New York Times journalist Nick Bilton talks about technology hypochondria in his book ‘I Live in the Future and Here’s How It Works’. He reminds us that the steam train, travelling at speeds greater than 20 miles per hour was thought to cause people’s bones to fall apart. Others speculated that people travelling at this speed would suffocate. Of the phonograph people worried that “bookmaking and reading will fall into disuse” and that the phonograph would mean that the child of the future would “never have to learn his [or her] letters”.
This is technology hypochondria.
Author Kevin Kelly tells us, “Imagine how bereft we would be if the technology of film had not been invented in time for Hitchcock”. (And if you want some fascinating insights into Kelly’s other takes on technology, check out his website.) Here, he talks about the idea of the gifts of technology:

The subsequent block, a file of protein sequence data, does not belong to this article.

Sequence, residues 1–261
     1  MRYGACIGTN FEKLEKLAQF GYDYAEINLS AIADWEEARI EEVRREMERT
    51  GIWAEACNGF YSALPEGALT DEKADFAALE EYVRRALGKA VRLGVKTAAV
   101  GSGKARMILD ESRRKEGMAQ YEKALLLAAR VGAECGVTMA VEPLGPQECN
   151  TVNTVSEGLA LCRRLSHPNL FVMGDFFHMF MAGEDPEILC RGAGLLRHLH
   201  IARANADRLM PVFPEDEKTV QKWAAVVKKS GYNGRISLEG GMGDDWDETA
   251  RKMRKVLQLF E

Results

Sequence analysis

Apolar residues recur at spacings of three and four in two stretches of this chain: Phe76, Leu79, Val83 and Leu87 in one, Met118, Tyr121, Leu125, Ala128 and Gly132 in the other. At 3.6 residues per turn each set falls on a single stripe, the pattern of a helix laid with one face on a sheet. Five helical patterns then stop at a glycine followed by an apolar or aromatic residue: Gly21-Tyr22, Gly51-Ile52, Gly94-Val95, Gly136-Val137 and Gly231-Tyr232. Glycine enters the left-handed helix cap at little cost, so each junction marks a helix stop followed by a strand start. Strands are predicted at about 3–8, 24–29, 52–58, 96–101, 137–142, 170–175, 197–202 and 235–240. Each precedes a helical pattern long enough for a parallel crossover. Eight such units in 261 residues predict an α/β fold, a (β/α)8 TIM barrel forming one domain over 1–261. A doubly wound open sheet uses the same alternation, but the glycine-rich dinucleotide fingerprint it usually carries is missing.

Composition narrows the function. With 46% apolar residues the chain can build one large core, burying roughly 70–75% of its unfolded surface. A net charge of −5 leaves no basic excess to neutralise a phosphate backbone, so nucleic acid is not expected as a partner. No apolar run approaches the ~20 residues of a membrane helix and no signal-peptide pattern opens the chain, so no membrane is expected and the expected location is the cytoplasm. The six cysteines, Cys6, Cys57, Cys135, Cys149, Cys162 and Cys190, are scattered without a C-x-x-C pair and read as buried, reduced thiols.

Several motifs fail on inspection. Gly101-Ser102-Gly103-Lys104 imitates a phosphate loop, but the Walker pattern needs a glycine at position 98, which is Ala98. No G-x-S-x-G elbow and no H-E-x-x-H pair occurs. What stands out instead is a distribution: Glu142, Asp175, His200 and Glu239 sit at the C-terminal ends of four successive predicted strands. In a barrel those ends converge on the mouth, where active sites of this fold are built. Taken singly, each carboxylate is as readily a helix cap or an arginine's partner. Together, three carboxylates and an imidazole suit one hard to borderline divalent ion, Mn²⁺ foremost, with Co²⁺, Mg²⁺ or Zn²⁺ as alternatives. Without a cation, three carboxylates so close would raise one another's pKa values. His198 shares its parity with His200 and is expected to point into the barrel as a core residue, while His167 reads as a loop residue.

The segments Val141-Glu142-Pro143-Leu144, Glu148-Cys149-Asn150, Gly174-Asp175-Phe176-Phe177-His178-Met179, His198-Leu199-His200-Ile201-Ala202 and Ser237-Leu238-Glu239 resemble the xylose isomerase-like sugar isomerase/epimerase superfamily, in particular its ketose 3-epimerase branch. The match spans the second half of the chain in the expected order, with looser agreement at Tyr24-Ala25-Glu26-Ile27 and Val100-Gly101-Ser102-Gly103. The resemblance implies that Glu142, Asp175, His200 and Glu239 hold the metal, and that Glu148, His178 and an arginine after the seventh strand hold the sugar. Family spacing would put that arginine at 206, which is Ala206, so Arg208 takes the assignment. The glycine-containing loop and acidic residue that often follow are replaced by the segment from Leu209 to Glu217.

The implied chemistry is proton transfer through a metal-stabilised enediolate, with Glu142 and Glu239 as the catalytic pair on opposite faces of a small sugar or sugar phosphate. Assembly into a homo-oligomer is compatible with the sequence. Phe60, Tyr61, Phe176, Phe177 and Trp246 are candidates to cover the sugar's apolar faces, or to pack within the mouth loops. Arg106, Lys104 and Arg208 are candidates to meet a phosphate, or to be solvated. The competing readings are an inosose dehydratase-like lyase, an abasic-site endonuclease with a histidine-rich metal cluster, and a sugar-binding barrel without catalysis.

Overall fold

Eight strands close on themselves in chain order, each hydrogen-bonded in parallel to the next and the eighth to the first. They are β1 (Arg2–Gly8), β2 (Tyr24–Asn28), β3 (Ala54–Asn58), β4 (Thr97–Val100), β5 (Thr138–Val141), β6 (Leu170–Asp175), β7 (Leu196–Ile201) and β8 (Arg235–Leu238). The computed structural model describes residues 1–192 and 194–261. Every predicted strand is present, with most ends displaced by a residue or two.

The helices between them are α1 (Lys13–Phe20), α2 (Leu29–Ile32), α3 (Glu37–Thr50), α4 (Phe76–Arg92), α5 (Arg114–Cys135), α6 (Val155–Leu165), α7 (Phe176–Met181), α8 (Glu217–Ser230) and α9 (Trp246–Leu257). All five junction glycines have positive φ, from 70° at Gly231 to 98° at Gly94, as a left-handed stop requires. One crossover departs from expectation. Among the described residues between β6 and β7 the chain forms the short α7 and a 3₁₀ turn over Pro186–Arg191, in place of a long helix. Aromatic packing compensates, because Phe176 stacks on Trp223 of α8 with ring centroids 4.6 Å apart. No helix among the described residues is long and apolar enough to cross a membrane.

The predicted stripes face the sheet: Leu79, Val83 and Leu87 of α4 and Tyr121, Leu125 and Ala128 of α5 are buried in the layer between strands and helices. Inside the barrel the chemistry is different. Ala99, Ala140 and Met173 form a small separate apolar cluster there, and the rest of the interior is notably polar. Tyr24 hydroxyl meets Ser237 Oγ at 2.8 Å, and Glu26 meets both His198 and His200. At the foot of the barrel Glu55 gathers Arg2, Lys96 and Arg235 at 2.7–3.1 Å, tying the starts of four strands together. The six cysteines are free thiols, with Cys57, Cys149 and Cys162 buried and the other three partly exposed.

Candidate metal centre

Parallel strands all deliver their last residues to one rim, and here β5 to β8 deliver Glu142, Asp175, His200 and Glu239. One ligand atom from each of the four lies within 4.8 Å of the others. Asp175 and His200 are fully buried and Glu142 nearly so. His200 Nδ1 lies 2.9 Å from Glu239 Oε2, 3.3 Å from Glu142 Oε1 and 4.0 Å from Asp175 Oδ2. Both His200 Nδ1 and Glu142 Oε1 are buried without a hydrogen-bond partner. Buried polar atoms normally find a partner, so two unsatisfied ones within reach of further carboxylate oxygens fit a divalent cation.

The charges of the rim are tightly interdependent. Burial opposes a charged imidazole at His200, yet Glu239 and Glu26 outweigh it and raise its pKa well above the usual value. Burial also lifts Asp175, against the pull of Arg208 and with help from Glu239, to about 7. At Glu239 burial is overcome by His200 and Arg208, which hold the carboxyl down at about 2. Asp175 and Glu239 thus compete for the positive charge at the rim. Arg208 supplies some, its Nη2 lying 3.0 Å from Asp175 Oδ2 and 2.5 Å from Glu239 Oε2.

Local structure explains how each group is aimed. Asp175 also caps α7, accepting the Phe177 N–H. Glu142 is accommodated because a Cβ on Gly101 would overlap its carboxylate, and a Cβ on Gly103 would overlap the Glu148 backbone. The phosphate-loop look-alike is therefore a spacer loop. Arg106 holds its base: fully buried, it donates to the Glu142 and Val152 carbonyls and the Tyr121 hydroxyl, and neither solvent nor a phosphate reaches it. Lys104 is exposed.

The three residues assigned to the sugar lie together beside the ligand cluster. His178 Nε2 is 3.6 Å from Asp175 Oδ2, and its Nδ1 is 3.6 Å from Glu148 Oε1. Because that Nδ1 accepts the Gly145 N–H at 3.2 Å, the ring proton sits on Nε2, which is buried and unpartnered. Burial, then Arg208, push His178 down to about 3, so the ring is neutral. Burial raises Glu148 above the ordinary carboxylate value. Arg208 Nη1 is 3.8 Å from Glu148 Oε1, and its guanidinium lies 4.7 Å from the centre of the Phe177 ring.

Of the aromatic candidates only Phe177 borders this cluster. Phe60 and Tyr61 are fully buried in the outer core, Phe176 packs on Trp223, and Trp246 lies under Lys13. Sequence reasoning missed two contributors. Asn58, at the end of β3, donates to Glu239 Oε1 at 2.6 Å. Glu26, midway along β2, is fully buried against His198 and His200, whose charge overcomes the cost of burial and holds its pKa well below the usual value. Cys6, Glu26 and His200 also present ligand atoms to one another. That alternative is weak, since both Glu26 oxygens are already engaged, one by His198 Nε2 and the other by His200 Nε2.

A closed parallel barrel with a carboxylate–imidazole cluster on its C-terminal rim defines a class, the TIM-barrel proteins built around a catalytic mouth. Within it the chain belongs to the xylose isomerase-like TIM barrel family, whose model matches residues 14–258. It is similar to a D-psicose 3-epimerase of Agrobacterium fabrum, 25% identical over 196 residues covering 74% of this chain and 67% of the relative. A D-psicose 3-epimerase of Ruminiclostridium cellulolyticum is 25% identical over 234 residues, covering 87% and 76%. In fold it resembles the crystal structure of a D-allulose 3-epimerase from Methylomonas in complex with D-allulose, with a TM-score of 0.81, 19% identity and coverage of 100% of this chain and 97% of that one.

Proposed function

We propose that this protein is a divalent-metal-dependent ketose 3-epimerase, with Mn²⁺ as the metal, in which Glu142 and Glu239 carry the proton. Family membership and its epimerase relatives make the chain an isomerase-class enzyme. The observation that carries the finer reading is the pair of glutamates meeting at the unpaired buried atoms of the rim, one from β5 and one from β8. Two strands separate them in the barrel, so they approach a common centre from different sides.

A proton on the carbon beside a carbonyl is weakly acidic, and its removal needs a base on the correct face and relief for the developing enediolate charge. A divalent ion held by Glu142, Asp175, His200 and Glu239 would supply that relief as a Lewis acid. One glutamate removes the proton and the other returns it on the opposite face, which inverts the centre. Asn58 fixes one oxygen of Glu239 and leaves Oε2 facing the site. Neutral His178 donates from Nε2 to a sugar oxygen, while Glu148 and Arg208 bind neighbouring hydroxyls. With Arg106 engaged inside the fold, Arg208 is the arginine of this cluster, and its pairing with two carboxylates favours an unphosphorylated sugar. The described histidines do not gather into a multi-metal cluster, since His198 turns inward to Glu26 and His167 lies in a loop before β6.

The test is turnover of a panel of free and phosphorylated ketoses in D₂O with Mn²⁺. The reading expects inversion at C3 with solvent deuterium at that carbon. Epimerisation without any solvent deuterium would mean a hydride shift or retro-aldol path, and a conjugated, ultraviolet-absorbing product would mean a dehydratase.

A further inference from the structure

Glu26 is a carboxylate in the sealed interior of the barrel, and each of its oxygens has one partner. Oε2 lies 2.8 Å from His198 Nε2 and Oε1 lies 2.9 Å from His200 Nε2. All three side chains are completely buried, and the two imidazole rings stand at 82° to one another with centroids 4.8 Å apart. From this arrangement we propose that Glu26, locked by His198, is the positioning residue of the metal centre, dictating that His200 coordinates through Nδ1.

Technology hypochondria prevents us from seeing the possibilities of technology. How it can enhance our lives, how it can stretch our experiences. What would Shakespeare have done with his time if he didn’t have a quill?
Futurist and epiphany addict Jason Silva says “to understand is to perceive patterns”. What could be truer than this? History shows us that we fear the unknown until it becomes familiar, until we understand how it works. Technology is the greatest challenge to our fear of the unknown because it is evolution at hyper-speed. Even the creators can barely keep up with the pace of change, let alone the users at the end of the line.
At the moment there is enormous change in the book selling and story world. All the cards have been thrown up in the air and we are watching, some feel helplessly, as they fall to the ground. But if we watch for patterns as those cards fall, or better yet, if we grab them as the fall and create our own version of the future we want, there is nothing to fear.